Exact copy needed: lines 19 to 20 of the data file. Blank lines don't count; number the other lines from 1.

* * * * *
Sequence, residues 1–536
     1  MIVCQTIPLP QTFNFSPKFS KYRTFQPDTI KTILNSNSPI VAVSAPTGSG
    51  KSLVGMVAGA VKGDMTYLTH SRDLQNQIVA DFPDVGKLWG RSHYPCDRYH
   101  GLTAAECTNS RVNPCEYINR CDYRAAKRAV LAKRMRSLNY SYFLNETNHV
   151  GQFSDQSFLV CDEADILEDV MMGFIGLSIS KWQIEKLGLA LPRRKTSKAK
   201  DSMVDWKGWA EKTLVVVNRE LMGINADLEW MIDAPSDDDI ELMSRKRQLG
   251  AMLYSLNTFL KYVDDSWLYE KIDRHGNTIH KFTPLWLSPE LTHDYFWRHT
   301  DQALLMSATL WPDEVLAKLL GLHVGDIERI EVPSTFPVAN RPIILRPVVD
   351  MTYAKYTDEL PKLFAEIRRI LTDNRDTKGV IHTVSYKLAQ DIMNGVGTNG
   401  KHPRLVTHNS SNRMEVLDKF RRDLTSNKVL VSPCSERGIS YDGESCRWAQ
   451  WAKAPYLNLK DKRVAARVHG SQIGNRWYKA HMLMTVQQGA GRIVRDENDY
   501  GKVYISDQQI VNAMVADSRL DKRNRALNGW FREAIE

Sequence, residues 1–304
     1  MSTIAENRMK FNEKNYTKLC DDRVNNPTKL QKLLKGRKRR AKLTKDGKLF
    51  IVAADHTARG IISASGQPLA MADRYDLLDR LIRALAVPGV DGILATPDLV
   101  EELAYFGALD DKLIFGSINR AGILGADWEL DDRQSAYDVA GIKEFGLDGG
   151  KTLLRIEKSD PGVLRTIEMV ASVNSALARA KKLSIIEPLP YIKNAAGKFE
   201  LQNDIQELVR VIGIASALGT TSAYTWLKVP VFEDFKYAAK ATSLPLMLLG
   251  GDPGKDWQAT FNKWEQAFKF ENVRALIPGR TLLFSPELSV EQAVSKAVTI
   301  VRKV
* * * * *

   251  GDPGKDWQAT FNKWEQAFKF ENVRALIPGR TLLFSPELSV EQAVSKAVTI
   301  VRKV